This story was originally published the May 2017 edition of the MSTA Indiana Chapter newsletter. The story has been edited to match the MSTA website’s style.
For years I’ve been planning on touring New Zealand, largely due to the consistently positive reports we hear from those who have done it. So much so, that Cathy and I were planning on doing this in the winter of 2018. Serendipity struck while we were at the STAR in Vermont. We had an impromptu dinner with Fred and Cherrie Rau.
Each year Fred (http://www.fredrau.com) — in conjunction with Te Waipanamu Tours — puts on a two-week North and South Island tour that hits all the high points in New Zealand in a very structured, yet flexible, manner. By the end of dinner we had committed to participating in the 2017 Fred Rau NZ tour.
After listening to Fred’s follow-up presentation the following day at STAR, and seeing the photos, we were sure we had made the right decision. So, on Feb. 10, 2017, we boarded an Air New Zealand non-stop flight out of Houston and headed for summer. 15 hours later we were in Auckland.
It was sunny and temperatures in the 70s and intermittent rain — a typical summer day on a South Pacific island. We had a day to acclimate, and adjust, before our bike was delivered to the hotel, a 2015 R 1200 RT. I’ve never put much time on a BMW before and was looking forward to the experience. It turned out to be one of the easiest bikes to ride that I’d ever been on, I could almost flat-foot it — great for a vertically challenged individual such as myself.
As all the remaining tour participants had arrived early, the day before the tour started Fred led a three-hour, get acquainted with left side driving, tour north out of Auckland (on a V-Strom 650, who knew Fred could ride a two wheeler). We rode to a café, had scones and coffee, and met our companions. A pretty diverse group with five couples, 12 bikes and a luggage van.
Riding on the left side of the road, going around roundabouts clockwise and making right turns were some of the more significant things we learned on this ride. Some of the little differences that made you notice included the absence of Yield signs. New Zealand uses ‘Give Way’. There’s no ‘merge left or right’ signs. Instead, it’s ‘Merge like a Zip’. Cathy’s favorite was ‘Slippery when Frosty’.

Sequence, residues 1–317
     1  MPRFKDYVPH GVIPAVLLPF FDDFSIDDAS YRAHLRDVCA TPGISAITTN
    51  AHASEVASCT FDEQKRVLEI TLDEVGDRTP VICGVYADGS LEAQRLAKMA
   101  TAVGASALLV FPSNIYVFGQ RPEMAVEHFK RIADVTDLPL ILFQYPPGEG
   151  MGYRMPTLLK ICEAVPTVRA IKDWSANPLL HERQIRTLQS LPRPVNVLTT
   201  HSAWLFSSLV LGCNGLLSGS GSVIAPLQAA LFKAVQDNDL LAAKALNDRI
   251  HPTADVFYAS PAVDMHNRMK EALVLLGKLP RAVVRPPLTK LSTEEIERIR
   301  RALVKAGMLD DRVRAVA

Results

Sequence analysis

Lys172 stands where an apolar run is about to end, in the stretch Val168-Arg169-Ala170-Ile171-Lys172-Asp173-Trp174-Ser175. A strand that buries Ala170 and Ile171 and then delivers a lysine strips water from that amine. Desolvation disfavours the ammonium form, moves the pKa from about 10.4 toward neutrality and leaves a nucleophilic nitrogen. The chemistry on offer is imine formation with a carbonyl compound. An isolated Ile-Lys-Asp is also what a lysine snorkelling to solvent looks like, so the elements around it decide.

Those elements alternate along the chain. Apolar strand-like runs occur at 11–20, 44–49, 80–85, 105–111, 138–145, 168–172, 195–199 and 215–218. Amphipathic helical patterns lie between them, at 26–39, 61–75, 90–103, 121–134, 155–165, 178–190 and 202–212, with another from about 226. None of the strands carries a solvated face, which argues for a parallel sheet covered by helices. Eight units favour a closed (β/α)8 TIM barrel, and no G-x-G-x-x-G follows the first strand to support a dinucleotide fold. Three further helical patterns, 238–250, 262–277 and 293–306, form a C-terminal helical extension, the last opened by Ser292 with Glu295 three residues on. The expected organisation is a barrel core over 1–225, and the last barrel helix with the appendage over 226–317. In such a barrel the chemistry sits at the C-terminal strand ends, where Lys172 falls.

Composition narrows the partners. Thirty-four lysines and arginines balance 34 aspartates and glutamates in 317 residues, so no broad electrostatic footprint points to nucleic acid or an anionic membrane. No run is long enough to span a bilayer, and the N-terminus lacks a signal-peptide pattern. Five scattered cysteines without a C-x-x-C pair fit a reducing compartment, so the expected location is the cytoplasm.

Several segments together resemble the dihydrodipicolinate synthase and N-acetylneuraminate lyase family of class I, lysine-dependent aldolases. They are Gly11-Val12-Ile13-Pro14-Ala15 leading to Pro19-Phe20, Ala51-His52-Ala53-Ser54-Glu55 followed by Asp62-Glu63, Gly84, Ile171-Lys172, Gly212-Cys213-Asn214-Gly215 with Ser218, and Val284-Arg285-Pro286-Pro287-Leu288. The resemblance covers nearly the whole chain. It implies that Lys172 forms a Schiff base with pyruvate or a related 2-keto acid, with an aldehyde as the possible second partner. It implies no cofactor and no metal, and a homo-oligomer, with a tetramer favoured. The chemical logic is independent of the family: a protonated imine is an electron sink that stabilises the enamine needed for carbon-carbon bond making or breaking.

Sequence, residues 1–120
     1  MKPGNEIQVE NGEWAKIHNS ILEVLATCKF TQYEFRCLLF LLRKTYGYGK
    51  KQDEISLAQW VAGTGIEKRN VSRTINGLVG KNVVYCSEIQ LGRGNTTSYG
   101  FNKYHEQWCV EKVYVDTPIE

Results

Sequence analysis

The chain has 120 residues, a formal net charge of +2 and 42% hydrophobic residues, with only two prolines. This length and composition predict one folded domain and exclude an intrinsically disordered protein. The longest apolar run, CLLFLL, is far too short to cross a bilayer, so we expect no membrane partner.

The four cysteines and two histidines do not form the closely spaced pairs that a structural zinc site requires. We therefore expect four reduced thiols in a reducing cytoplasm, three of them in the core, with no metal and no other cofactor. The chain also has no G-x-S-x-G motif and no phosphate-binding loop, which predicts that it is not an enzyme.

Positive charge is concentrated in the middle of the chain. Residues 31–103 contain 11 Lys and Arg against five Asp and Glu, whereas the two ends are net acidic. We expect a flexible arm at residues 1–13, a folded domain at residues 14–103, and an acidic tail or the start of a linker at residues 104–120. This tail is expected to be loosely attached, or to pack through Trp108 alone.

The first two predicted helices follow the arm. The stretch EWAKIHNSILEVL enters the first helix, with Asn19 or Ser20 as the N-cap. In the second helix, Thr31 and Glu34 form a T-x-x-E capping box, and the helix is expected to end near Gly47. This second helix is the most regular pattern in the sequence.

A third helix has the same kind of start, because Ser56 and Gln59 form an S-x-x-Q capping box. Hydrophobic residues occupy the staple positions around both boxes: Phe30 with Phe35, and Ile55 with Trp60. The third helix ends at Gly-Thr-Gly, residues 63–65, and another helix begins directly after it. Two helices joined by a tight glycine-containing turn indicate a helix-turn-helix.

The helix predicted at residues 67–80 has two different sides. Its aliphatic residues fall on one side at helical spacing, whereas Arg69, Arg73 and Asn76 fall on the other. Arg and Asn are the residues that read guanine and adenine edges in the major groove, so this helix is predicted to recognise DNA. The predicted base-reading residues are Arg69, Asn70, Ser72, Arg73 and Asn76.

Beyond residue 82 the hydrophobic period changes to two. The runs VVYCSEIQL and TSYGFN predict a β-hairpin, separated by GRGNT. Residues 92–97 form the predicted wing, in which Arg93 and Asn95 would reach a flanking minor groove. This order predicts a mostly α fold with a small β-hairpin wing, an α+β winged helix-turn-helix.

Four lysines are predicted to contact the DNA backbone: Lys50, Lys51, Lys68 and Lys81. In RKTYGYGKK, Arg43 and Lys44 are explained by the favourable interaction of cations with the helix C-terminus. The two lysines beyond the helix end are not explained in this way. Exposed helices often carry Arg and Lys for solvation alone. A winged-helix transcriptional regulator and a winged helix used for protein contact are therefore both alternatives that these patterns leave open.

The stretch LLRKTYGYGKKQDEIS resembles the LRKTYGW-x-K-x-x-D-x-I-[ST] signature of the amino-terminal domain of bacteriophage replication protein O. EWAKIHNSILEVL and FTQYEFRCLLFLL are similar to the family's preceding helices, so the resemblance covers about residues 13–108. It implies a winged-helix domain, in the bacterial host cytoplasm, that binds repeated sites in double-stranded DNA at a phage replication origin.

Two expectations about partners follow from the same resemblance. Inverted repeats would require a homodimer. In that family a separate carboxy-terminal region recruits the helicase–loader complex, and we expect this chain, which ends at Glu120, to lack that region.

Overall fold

Passing zones are extremely generous, there are no liability laws (you can’t sue for negligence), so the state assumes you know when to pass. So zones continue around curves and up hills. If there is a no-passing zone, obey it, because something dangerous is coming.
Official Day 1 of the tour had us going to one of the highpoints of the North Island – Coromandel Peninsula. This is a very scenic drive that’ll remind you of the drive around Mount Desert Island in Maine. A two lane road following the coastline between the Firth of Thames and the Coromandel Mountain range.
A lot of curves with splendid views and the opportunity to cross over a couple of mountains. The roads are all pretty much chip seal, but well done with excellent grip. This made for predictable riding and comfortable passing. A huge plus were the good number of pull-outs for slow vehicles – and the willingness of slower drivers to use them! This greatly enhanced the enjoyment of the road.
Day 1 ended with a chance to attend a Maori village feast and presentation of culture. This was a lot like a Hawaiian Luau but more emphasis on the Maori culture, and history, and less on entertainment. But there was a lot of food and drink so similarities existed.
Somehow I got roped into being the ‘Chief’ of our tribe (300 tourists and 15 bikers), so had the pleasure of greeting the Maori Chief, and giving a speech of welcome and thanks. All in all, a pretty interesting experience as the formal greeting included touching foreheads, and noses, twice.
Day 2 had us riding further south past several points of interest, including a Geothermal Power Plant, some active hot springs areas and, my favorite, Huka Falls. The river water in New Zealand is very blue, bordering on turquoise in most places. This was one of the most pronounced examples of the color.
After the day’s ride we had the opportunity to spend the night in a New Zealand-style bed & breakfast. Only over here it’s referred to as a “farm stay”. Farm families will host two to four visitors for an overnight stay, providing an evening’s discussion and dinner, as well as a farm style breakfast the next morning. Cathy and I stayed with Jane and Larry White at their guesthouse.
The White’s farm about 3,000 acres of grain, and milk about 1,000 cattle. They are the family’s fourth generation to farm this property, and their children are the fifth now working the land. Larry was in the middle of harvesting wheat so was unable to spend too much time with us, but was able to join us for breakfast. It was interesting to get a farm family’s view of international issues, and surprising to learn they are as concerned about American politics as we are.
Day 3 was a short run down to Wellington to pick up the Inter Islander Ferry. We had a quick stop at the Mount Bruce National Bird Sanctuary for our daily wildlife fix. They are attempting to replenish the Kiwi population. Kiwis (flightless ground dwellers) are the national bird and at one time there were millions, as there were no natural predators. But the Europeans introduced cats and rats and dogs and the Kiwis were decimated. Thus the attempt to breed in captivity.
We spent the night at a really good hotel in Wellington and in the morning loaded up for a three hour run to the South Island. It was rainy, overcast and cool. All in all a good day to spend indoors, in transit. We docked at Picton, then had a short run over to Nelson, for a free day.